Principles of Constitutional Interpretation
Constitutional interpretation, or constitutional construction, the term more often used by the Founders, is the process by which legal decisions are made that are justified by a constitution, although not necessarily correctly. Constitutional controversies are about whether an official act is consistent with, and authorized by, a constitution or constitutional statute or court decision. Since a constitution is a law, and the supreme law within its domain, and authorizes statutes and other official acts which have a textual expression, the principles of constitutional interpretation are essentially the same as the principles of statutory or judicial interpretation.
Most legal scholars recognize six main methods of interpretation: textual, historical, functional, doctrinal, prudential, equitable, and natural, although they may differ on what each includes, and there is some overlap among them.
- Textual: Decision based on the actual words of the written law, if the meaning of the words is unambiguous. Since a law is a command, then it must mean what it meant to the lawgiver, and if the meaning of the words used in it have changed since it was issued, then textual analysis must be of the words as understood by the lawgiver, which for a constitution would be the understanding of the ratifying convention or, if that is unclear, of the drafters. Some Latin maxims: A verbis legis non est recedendum. From the words of the law there is not any departure. 5 Coke 118. Noscitur à sociis. Meaning of words may be ascertained by associated words. 3 T.R. 87.
- Historical: Decision based less on the actual words than on the understanding revealed by analysis of the history of the drafting and ratification of the law, for constitutions and statutes, sometimes called its legislative history, and for judicial edicts, the case history. A textual analysis for words whose meanings have changed therefore overlaps historical analysis. It arises out of such Latin maxims as Animus hominis est anima scripti. Intention is the soul of an instrument. 3 Bulst. 67.
- Functional. Also called structural. Decision based on analysis of the structures the law constituted and how they are apparently intended to function as a coherent, harmonious system. A Latin maxim is Nemo aliquam partem recte intelligere potest antequam totum perlegit. No one can properly understand a part until he has read the whole. 3 Coke Rep. 59.
- Doctrinal: Decision based on prevailing practices or opinions of legal professionals, mainly legislative, executive, or judicial precedents, according to the meta-doctrine of stare decisis, which treats the principles according to which court decisions have been made as not merely advisory but as normative. Some Latin maxims are: Argumentum à simili valet in lege. An argument from a like case avails in law. Coke, Littleton, 191. Consuetudo et communis assuetudo . . . interpretatur legem scriptam, si lex sit generalis. Custom and common usage . . . interpret the written law, if it be general. Jenk. Cent. 273. Cursus curiæ est lex curiæ. The practice of the court is the law of the court. 3 Buls. 53. Judiciis posterioribus fides est adhibenda. Credit is to be given to the latest decisions. 13 Coke 14. Res judicata pro veritate accipitur. A thing adjudicated is received as true. Coke, Littleton, 103.
- Prudential: Decision based on factors external to the law or interests of the parties in the case, such as the convenience of overburdened officials, efficiency of governmental operations, avoidance of stimulating more cases, or response to political pressure. One such consideration, avoidance of disturbing a stable body of practices, is also the main motivation for the doctrinal method. It also includes such considerations as whether a case is “ripe” for decision, or whether lesser or administrative remedies have first been exhausted. A Latin maxim is Boni judicis est lites dirimere. The duty of a good judge is to prevent litigation. 4 Coke 15.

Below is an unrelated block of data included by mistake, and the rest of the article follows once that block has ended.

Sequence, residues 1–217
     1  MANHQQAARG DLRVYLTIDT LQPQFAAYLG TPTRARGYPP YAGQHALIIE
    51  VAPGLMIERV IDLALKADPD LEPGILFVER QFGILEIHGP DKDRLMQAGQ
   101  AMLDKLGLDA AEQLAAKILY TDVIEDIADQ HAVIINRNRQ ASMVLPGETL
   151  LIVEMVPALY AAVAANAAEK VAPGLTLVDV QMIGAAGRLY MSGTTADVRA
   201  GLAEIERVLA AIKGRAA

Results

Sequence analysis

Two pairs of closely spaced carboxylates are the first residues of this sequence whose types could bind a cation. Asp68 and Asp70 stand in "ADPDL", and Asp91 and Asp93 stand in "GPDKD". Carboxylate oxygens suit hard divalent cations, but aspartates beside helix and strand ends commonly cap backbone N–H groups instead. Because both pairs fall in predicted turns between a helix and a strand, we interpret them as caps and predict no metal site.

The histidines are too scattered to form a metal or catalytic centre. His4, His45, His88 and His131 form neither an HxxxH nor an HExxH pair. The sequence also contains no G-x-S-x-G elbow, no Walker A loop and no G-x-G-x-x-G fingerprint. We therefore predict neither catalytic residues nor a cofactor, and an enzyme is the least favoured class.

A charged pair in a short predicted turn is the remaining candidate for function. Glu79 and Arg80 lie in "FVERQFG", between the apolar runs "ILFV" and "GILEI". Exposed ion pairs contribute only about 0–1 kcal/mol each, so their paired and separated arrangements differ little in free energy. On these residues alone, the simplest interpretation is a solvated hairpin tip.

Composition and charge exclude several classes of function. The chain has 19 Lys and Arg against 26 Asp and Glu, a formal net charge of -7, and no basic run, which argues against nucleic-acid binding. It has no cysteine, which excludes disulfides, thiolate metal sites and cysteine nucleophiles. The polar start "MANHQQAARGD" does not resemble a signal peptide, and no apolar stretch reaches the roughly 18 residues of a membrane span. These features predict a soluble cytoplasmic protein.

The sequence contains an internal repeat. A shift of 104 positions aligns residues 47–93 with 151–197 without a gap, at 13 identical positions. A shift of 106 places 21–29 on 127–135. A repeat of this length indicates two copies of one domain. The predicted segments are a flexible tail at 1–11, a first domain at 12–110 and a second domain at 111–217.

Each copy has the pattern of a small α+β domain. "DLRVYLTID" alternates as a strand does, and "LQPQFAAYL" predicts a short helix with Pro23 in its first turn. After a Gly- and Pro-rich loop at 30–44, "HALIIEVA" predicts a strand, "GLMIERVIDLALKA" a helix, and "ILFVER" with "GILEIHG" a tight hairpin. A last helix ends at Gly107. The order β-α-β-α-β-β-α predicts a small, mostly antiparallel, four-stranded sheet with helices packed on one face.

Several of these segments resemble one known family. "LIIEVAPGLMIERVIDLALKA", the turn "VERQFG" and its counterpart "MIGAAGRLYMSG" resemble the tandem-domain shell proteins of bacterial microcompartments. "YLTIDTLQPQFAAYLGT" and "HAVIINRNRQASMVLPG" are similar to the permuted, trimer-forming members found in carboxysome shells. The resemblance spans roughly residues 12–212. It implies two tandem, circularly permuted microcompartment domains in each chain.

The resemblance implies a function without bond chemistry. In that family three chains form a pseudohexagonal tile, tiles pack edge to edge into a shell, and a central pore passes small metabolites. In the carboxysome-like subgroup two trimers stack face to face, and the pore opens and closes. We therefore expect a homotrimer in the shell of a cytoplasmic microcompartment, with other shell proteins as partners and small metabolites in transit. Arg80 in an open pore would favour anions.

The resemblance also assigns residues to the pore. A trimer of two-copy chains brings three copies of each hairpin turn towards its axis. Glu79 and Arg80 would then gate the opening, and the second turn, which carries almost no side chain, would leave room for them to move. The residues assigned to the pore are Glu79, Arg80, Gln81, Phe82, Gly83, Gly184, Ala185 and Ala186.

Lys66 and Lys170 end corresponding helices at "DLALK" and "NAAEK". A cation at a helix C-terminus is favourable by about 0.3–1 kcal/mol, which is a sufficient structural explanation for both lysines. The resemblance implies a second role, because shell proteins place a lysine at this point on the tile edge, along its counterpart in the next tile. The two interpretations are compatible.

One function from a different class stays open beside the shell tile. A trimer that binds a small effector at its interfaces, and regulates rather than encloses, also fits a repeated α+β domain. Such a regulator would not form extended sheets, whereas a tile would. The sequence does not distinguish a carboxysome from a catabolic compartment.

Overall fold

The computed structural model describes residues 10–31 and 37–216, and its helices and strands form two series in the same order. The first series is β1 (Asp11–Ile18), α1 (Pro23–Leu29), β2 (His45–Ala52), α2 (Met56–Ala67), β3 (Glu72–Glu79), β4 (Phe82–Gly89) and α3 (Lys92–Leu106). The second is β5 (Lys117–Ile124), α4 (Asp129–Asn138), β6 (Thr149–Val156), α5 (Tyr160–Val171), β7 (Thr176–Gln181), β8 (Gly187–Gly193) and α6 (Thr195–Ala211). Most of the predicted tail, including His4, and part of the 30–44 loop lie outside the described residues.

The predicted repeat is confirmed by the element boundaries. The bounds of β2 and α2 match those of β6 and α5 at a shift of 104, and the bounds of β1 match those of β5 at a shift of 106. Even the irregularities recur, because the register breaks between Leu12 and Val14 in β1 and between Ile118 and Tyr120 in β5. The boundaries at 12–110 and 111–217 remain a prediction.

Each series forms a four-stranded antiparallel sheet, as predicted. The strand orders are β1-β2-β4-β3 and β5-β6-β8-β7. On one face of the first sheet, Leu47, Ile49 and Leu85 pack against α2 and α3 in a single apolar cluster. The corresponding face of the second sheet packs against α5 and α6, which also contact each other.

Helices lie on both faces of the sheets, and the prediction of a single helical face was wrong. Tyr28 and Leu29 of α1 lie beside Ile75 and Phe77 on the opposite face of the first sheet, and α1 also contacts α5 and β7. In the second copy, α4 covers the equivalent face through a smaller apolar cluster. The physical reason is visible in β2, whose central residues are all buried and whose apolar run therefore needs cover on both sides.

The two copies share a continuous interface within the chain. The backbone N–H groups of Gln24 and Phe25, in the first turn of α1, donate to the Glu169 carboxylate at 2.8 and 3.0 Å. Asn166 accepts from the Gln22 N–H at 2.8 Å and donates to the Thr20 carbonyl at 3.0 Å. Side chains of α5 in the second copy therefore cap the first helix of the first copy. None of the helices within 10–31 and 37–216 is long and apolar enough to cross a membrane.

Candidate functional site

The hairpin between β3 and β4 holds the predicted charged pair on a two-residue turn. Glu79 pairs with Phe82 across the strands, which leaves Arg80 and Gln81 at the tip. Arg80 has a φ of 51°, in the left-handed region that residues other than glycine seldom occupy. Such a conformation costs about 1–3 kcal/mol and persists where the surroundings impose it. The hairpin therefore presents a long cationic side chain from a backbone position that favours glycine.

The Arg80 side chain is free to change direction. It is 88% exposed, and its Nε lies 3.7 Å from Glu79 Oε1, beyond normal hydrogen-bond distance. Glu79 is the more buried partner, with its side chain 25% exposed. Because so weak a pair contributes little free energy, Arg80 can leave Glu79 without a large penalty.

- Equitable: Also called ethical. Decision based on an innate sense of justice, balancing the interests of the parties, and what is right and wrong, regardless of what the written law might provide. Often resorted to in cases in which the facts were not adequately anticipated or provided for by the lawgivers. Some scholars put various balancing tests of interests and values in the prudential category, but it works better to distinguish between prudential as balancing the interests and values of the legal system from equitable as balancing the interests and values of the parties. It arises out of the Latin maxim, Æquitas est perfecta quædam ratio quæ jus scriptum interpretatur et emendat; nulla scriptura comprehensa, sed sola ratione consistens. Equity is a sort of perfect reason which interprets and amends written law; comprehended in no code, but consistent with reason alone. Coke, Littleton, 24.
- Natural. Decision based on what is required or advised by the laws of nature, or perhaps of human nature, and on what is physically or economically possible or practical, or on what is actually likely to occur. This has its origin in such ancient Latin maxims as: Jura naturæ sunt immutabilia. The laws of nature are unchangeable. Jacob. 63. Impossibilium nulla obligatio est. There is no obligation to do impossible things. D. 50, 17, 185. Lex non cogit ad impossibilia. The law does not compel the impossible. Hob. 96. Lex neminem cogit ad vana seu inutilia peragenda. The law requires no one to do vain or useless things. 5 Coke 21. Legibus sumptis desinentibus, lege naturæ utendum est. Laws of the state failing, we must act by the law of nature. 2 Rol. Rep. 98.
Within these methods, we can, by study of the writings of the Founders, and the writings they read, elicit such principles for interpreting the Constitution for the United States as the following:
- The Constitution is the written document. Although it may be considered to include the understandings of its words as of the time of ratification, it does not include the subsequent body of practices or precedents upon which constitutional decisions might be based, which may or may not be consistent with it, or authorized by it. The written document refers to itself as “this Constitution”, and provides for only four methods by which it may be amended, all of which apply only to the written document.